December 2: Cinnamon

Since at least 20 centuries before the birth of Jesus of Nazareth, people have used cinnamon. It was a gift fit for a king or even a god. Its sources in places like India were carefully guarded secrets, and cinnamon growers exported this valuable spice via merchants who had no hand in the spice’s growth and harvesting. Wikipedia claims that Herodotus wrote that cinnamon sources were guarded by winged serpents, but Wikipedia errs. It is frankincense that is guarded by winged serpents, as Herodotus makes clear by writing, “For the trees which bear the frankincense are guarded by winged serpents, small in size, and of varied colours, whereof vast numbers hang about every tree.”

Herodotus notes that Arabian merchants cannot say where cinnamon comes from or from what tree the spice originates. “Where the wood grows, and what country produces it, they cannot tell”. Herodotus relates that cinnamon’s origin might be Phrygia. The cinnamon sticks are harvested only after large birds have used those sticks to make their nests. The nests “are fastened with a sort of mud to a sheer face of rock, where no foot of man is able to climb. So the Arabians, to get the cinnamon, use the following artifice. They cut all the oxen and asses and beasts of burden that die in their land into large pieces, which they carry with them into those regions”. The merchants then “withdraw to a distance, and the old birds, swooping down, seize the pieces of meat and fly with them up to their nests; which, not being able to support the weight, break off and fall to the ground. Hereupon the Arabians return and collect the cinnamon, which is afterwards carried from Arabia into other countries.”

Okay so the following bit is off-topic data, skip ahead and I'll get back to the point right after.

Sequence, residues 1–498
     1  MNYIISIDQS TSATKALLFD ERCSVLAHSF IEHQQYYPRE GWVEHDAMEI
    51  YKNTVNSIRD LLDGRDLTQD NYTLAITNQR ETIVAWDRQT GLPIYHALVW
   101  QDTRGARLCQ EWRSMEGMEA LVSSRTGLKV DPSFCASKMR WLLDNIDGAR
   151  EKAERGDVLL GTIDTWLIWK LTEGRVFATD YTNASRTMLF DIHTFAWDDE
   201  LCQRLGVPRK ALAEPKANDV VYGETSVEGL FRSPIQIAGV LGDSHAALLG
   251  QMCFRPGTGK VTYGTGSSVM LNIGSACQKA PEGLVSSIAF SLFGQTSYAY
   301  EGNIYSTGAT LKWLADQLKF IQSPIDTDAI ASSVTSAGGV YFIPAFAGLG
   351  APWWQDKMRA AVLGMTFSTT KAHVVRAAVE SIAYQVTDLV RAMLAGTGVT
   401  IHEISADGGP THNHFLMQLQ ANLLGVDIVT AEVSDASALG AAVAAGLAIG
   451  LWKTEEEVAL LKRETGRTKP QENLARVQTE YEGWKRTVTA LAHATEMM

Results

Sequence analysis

So, to sum up, somewhere cinnamon trees grow. The location of those trees is a secret guarded by cinnamon growers. Cinnamon sticks are presumably cut and left to dry during the harvest season. At this time, large birds take the sticks to build nests on sheer cliffs. The middlemen cinnamon merchants lay out fresh meat beneath the cliffs. The large birds swoops down, carry the meat back to their nests, but the nests cannot support the meat’s weight. The nests fall and break, and the merchants collect the cinnamon sticks.

No wonder cinnamon was so valuable!

Pliny the Elder says in The Natural History that cinnamon cost 10 denarii per pound, but that price is controlled by a single monarch who restricts the supply in order to inflate the price, which once caused cinnamon to sell for 1500 denarii per pound, although this extreme inflation may have been the work of barbarians who burned the cinnamon forests or due to “the south winds that prevail in these parts [that] are sometimes so hot as to set the forests on fire.”

Fixing the relative value of ancient units of currency is tricky. During the period of the Roman Republic (approximately 509-27 B.C.), a legionary was paid about 0.3 to 0.6 denarius per day, but he probably had pay for his own food. In other words, using Pliny’s lowball price for cinnamon, one pound of the spice would cost about a legionary’s entire month’s pay. The 1E DMG sets the salary for a heavy footman as 2 gp a month; therefore, a pound of cinnamon costs 2 gp, which is what the 5E PH sets the price at on the Trade Goods table.